A: The mobile application, Way to Be, is a companion to our print resource of the same name. Both resources provide college and career guidance, but the app was created to provide a unique and engaging digital experience for those digital-first middle and high school students. 

Our Next Gen program is best summarized in the report link provided above.

Q: What have been your organization’s most impactful advocacy achievements? What have you learned from your successes – and missteps?

A: MBRT during its first two decades was instrumental in pushing for and securing state school board votes specific to rigorous standards, curriculum, instruction and assessments. In addition, our executives and board members have served key roles on more than a dozen state workgroups or commissions. Typically, each success or experience has broadened our network and strengthened our staff’s knowledge and skills, and those partners engaged in these important initiatives.

Q: What advice would you give other groups that have similar missions?

A: Three suggestions:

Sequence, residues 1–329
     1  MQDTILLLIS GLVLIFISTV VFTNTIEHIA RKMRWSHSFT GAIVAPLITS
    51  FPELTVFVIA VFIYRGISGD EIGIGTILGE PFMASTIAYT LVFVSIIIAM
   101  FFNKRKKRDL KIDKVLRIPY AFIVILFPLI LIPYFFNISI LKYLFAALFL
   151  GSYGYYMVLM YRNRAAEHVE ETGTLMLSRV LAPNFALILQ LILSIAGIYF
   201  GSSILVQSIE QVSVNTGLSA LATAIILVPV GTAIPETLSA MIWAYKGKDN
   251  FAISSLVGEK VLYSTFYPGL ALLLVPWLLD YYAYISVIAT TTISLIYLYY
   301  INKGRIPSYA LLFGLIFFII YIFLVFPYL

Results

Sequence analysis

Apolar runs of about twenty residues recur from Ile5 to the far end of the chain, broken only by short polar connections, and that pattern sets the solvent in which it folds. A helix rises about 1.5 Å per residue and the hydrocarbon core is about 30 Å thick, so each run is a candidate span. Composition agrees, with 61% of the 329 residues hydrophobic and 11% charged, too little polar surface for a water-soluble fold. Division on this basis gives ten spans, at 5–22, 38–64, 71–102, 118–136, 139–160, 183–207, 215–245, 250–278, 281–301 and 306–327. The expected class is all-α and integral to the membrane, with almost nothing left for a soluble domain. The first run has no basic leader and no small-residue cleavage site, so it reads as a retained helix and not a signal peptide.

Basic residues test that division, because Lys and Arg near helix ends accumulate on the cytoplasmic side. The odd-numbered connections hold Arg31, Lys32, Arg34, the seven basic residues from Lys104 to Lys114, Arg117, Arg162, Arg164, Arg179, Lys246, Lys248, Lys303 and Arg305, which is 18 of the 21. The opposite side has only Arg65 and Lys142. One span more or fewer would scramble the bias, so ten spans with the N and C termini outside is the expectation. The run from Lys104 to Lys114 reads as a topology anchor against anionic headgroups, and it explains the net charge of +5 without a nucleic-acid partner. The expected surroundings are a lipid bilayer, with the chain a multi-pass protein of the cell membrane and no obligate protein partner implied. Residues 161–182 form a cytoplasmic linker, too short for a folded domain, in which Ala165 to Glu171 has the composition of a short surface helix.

• Pilot ideas before enacting full-scale, statewide projects.
  • Delegate and seek sub-allocation funding for partners who can enhance and soften the workload of a large grant or commitment.
  • Seek and secure more significant funding for the communication and marketing aspects of statewide work, as telling the story requires sustained planning and professional staff who can remain visible externally while an organization ensures the day-to-day work is getting done.

Q: Tell us about STEMnet and your organization’s involvement in this network.

A: In 2009, the Governor’s STEM Task Force, co-chaired by then-University System of Maryland Chancellor William Kirwan and June Streckfus, who founded the Maryland Business Roundtable for Education, released their final report. 

One of the recommendations pointed to the creation of a STEM Innovation Network (STEMnet) to enhance communications across all stakeholders; build the state’s capacity to maximize the effects of existing programs and policies; and facilitate the review and revision of Maryland’s strategy for its STEM education, research and workplace.

As a result, in 2011, MBRT launched the STEMnet platform that featured a library of STEM lesson plans and challenges created by master teachers while also providing educators with the ability to call upon a vast group of STEM volunteers who were trained to join them in classrooms and help students connect classwork and the real world.